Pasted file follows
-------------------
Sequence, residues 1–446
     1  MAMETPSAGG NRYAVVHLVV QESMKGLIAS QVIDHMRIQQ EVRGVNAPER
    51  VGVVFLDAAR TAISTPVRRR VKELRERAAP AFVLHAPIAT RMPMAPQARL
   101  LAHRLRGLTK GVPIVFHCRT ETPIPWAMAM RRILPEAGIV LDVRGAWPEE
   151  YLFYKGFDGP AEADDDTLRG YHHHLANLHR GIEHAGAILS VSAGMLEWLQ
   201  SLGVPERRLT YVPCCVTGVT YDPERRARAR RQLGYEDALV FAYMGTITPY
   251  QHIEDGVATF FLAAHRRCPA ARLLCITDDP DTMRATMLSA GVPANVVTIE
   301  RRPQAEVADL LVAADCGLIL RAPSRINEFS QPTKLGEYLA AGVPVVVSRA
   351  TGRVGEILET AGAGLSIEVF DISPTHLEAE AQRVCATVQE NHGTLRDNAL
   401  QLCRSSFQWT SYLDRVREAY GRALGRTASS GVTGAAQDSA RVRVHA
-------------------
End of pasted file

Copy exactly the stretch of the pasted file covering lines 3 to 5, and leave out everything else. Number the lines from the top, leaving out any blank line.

    51  VGVVFLDAAR TAISTPVRRR VKELRERAAP AFVLHAPIAT RMPMAPQARL
   101  LAHRLRGLTK GVPIVFHCRT ETPIPWAMAM RRILPEAGIV LDVRGAWPEE
   151  YLFYKGFDGP AEADDDTLRG YHHHLANLHR GIEHAGAILS VSAGMLEWLQ